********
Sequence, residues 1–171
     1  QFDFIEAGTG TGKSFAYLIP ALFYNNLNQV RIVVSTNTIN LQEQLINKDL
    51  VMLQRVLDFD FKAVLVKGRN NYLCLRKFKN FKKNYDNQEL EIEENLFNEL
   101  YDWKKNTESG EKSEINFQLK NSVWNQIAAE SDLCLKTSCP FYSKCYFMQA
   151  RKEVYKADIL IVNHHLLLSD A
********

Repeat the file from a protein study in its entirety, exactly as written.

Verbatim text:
Sequence, residues 1–171
     1  QFDFIEAGTG TGKSFAYLIP ALFYNNLNQV RIVVSTNTIN LQEQLINKDL
    51  VMLQRVLDFD FKAVLVKGRN NYLCLRKFKN FKKNYDNQEL EIEENLFNEL
   101  YDWKKNTESG EKSEINFQLK NSVWNQIAAE SDLCLKTSCP FYSKCYFMQA
   151  RKEVYKADIL IVNHHLLLSD A